Claire Jerry isn't your typical political junkie. She's a professional one, on the hunt for political history to document the 2020 campaign.
"That's the question curators are always asking themselves — trying to think 50 or 100 years down the road," Jerry, who works for the Smithsonian Institution, told CBS News.
Like primary season, her quest begins in Iowa.
"Every four years we get in the field — go to primaries, conventions, pick up things voters are doing," Jerry said.
From t-shirts to talking points, Jerry has an eye for what stands out and what to bring back. While this is Jerry's first presidential campaign, the Smithsonian collection dates back to George Washington's presidency.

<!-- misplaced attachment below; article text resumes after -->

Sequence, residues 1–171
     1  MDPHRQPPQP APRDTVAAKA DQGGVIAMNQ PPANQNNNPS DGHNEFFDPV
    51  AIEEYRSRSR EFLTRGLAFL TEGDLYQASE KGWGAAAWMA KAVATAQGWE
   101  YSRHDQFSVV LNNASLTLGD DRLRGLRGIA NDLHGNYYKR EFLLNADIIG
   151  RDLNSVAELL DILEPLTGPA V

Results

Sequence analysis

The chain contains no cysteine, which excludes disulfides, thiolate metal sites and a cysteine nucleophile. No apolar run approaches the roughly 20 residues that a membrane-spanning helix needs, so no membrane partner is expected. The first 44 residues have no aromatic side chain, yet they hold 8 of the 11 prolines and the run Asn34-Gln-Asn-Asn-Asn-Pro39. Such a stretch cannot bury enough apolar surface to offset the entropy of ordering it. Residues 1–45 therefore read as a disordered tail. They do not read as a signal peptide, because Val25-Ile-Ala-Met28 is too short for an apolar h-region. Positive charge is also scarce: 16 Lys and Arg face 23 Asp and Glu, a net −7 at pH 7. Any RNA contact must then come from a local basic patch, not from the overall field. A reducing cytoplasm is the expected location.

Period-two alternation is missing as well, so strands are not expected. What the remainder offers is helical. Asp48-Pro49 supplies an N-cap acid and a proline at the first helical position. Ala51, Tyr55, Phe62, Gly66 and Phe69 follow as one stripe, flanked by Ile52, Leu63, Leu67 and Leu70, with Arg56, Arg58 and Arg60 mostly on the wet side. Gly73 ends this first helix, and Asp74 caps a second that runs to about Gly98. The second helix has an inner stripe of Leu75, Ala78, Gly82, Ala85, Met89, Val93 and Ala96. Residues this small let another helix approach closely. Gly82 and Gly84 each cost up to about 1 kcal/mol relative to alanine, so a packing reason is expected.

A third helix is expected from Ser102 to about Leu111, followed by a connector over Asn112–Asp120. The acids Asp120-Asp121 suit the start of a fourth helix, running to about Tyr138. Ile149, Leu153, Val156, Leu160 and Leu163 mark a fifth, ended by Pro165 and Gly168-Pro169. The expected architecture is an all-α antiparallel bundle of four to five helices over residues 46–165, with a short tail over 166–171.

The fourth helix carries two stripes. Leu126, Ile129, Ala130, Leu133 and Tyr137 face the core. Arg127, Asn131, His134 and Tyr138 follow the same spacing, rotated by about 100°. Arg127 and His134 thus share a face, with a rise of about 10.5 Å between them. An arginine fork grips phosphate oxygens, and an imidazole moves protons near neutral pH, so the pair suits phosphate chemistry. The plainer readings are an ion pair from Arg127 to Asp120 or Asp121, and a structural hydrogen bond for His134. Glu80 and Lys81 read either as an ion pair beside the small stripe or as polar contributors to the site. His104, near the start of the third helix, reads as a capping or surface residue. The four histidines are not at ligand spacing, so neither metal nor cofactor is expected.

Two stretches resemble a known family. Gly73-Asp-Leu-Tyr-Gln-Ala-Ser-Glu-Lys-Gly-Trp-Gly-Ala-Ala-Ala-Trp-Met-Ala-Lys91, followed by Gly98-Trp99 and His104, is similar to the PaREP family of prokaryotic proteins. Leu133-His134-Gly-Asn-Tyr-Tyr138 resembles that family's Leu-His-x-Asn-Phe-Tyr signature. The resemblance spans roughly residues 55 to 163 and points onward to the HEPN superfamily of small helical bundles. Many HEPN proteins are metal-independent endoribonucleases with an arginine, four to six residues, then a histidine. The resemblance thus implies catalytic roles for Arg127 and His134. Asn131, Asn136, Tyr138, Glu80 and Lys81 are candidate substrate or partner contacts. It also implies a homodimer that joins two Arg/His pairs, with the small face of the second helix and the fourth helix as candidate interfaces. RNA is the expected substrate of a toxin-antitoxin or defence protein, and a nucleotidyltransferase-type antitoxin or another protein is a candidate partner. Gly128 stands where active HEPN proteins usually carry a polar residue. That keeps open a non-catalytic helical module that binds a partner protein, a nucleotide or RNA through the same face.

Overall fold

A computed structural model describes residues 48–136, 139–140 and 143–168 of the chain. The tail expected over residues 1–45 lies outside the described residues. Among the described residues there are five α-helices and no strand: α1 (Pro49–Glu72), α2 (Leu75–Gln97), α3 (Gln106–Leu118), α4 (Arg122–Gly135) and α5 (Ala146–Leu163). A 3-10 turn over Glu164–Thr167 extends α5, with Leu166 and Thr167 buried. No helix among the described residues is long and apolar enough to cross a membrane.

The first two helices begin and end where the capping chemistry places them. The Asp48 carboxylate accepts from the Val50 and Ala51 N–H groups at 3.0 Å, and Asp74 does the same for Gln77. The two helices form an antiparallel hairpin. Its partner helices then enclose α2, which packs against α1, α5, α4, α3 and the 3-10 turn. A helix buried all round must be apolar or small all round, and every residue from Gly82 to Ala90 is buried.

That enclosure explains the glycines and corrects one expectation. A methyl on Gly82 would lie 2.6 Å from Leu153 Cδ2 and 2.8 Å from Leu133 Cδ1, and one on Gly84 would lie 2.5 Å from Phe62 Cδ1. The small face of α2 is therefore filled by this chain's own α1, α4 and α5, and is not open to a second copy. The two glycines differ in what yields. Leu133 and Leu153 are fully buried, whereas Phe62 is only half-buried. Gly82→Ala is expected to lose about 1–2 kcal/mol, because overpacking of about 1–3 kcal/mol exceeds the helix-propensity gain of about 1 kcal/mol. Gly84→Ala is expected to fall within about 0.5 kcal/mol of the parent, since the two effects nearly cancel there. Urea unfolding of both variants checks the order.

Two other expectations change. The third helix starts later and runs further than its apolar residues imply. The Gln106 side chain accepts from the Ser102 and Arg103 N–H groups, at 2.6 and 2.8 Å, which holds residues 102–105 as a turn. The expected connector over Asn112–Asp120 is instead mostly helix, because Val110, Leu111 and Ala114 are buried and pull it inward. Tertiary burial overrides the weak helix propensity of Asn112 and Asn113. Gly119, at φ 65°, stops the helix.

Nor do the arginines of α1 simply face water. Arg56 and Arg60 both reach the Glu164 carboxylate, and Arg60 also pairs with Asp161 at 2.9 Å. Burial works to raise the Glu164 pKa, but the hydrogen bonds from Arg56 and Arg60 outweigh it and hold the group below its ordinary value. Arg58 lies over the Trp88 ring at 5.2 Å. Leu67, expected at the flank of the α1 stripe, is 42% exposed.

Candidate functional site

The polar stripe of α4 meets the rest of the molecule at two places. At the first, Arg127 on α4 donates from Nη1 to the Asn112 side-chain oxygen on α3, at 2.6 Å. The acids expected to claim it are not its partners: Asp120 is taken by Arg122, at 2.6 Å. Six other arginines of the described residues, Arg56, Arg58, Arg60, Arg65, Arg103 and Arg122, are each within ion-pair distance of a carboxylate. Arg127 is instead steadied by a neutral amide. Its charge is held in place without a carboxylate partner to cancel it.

Lisa Kathleen Graddy, curator of political history, said President William Henry Harrison popularized campaign swag back in 1840 with his log cabin cup.
"This is really the genesis of a lot of the kind of campaign material you see," Graddy said of the cup.
The memorabilia includes soap, makeup compacts, cologne and, of course, buttons. There's a room with cabinets filled with buttons and their predecessor, campaign ribbons. It's a collection of about 130,000 items — but only a fraction are on display for the public to see.
Here, many of the candidates who failed to get the nominations live on.
"We think of the campaigns as being very disposable," Graddy said. "Once a campaign drops, do people even remember them? Well, we do!"